Does PEG enter only the cytoplasm of the muscle tissue of the vaccination site or does it travel to other parts of the body and the nervous system?
How long does PEG stay in the body?
Are there any long term side effects?
Another question posed by immunologists is about the duration the mRNA stays in our body. Ideally, a vaccination instructs the immune system to produce an appropriate number of antibodies to fight the virus for an appropriate amount of time. If the body produces too many antibodies for too long, iis it possible to develop a chronic immune system imbalance?
How long does the immunity acquired by vaccination last?
While it is expected for the immunity acquired through vaccination to last for several years, the current results can only confirm that it is stable for up to a year. Time will tell how well the vaccine protects us from COVID-19 and the emerging variants of this virus.
Who should not be vaccinated?
1. People who are suffering from acute illnesses, are fighting an ongoing infection or are recovering from a severe injury.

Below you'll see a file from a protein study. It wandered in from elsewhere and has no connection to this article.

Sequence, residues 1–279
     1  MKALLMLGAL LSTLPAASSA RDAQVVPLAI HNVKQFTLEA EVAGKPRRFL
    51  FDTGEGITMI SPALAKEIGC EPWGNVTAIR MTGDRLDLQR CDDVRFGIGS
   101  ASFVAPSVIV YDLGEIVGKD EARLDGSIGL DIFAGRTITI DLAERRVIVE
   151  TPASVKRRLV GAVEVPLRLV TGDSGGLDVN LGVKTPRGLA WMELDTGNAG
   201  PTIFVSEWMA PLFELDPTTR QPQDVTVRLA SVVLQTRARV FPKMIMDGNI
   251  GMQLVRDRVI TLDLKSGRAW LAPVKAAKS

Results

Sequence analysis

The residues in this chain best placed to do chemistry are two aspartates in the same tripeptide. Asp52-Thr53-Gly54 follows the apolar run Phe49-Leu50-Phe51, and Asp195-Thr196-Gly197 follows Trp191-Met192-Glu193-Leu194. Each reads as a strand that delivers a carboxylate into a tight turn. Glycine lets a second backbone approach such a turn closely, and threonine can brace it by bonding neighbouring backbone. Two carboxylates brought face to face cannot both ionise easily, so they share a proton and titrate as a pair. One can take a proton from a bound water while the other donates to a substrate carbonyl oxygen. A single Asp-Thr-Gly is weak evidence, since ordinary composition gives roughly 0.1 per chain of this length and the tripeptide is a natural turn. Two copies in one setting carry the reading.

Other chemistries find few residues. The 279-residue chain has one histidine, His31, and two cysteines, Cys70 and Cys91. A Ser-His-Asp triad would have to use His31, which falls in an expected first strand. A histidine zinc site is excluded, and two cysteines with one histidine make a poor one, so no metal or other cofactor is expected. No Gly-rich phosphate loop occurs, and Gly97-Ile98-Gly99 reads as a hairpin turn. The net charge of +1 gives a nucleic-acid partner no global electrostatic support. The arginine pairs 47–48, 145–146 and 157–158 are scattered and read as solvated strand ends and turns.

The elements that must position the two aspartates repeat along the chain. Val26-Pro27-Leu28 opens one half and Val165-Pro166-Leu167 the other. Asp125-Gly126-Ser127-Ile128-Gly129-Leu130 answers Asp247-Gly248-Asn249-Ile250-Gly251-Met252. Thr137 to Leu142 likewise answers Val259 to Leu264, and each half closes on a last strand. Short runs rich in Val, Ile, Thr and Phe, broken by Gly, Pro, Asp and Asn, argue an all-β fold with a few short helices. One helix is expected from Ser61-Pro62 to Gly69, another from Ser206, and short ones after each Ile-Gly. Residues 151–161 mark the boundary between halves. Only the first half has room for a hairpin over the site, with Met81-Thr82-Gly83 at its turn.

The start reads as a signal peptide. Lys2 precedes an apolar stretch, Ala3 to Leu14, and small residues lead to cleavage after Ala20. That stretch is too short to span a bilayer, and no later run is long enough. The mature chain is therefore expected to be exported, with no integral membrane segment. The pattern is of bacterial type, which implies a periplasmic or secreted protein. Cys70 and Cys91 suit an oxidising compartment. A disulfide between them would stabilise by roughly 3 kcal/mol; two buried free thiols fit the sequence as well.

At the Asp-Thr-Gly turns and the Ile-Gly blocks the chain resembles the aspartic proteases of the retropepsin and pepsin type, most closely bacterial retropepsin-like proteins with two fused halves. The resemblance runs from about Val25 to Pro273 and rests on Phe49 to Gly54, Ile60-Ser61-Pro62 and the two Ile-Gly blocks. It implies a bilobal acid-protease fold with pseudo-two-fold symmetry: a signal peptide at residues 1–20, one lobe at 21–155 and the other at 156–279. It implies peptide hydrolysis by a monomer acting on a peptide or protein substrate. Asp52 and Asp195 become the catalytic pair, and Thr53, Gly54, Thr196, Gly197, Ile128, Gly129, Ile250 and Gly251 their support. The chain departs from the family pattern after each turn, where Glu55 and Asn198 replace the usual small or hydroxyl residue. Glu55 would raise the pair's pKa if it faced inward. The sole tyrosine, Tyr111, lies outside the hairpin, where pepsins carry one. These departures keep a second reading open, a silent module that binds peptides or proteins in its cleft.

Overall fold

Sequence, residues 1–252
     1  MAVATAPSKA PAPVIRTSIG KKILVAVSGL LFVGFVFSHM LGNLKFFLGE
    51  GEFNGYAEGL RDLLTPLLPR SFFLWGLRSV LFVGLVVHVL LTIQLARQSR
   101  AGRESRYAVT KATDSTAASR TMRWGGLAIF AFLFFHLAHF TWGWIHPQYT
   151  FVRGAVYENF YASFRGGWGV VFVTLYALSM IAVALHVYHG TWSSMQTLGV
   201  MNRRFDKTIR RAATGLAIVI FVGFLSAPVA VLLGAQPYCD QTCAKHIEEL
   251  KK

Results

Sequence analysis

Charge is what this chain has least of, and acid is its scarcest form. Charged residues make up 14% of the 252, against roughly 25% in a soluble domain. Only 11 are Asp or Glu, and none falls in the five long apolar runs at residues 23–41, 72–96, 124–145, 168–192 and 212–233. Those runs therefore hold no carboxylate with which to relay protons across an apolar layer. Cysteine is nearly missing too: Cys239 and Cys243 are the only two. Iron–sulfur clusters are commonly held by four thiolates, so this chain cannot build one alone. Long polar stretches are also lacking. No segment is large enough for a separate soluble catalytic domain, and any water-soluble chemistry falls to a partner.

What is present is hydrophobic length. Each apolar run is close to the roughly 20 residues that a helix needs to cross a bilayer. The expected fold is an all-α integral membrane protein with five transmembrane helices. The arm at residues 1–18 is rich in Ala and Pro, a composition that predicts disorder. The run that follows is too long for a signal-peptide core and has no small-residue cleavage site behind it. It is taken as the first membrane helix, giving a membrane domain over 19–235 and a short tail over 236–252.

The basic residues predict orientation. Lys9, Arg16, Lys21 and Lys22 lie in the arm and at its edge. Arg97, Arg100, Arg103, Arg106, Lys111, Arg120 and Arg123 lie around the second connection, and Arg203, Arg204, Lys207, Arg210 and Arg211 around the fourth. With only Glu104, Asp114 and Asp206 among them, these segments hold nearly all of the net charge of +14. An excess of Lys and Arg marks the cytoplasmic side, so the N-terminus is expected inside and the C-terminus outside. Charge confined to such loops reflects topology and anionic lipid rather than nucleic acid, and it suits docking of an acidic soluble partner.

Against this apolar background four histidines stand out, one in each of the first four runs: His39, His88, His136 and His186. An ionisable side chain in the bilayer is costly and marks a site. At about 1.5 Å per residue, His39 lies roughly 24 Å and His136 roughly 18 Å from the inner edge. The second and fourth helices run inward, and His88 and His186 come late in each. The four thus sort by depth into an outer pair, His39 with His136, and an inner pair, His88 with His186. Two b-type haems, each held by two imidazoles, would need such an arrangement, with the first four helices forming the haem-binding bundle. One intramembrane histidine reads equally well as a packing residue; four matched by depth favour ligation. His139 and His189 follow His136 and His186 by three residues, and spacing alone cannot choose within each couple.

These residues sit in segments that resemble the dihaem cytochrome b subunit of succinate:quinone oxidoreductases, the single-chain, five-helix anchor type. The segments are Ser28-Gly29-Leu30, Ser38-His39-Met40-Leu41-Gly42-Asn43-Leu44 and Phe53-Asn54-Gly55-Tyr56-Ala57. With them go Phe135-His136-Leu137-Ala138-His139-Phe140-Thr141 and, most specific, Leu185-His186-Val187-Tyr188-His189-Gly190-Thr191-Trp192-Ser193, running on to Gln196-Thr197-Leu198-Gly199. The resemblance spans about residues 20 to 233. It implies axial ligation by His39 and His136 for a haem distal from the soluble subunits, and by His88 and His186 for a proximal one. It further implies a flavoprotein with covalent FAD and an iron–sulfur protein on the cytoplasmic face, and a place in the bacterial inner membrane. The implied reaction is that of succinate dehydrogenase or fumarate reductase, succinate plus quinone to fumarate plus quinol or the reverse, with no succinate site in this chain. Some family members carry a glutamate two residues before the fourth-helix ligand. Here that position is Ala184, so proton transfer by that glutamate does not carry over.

2. People who are under the supervision of a doctor, and who have been advised by the physician not to be vaccinated due to the medications that they are taking.
3. Very old people, with fragile health.
All vaccines can cause fever, nausea, and similar symptoms (these are signs that your immune system is defending itself and making antibodies). If a person is in such poor health that these symptoms would endanger their life, it is better to avoid the vaccine.
(From such cases comes the current story of post-vaccination deaths in Norway.) Immunologists offer a possible explanation for the recent post vaccination deaths in nursing homes. It is possible that the mRNA delivered with polyethylene glycol is transiently immunosuppressive. That means that people who receive the Pfizer or Maderna vaccination may have a temporary but significant drop in their immune system function and become highly vulnerable to other types of infection.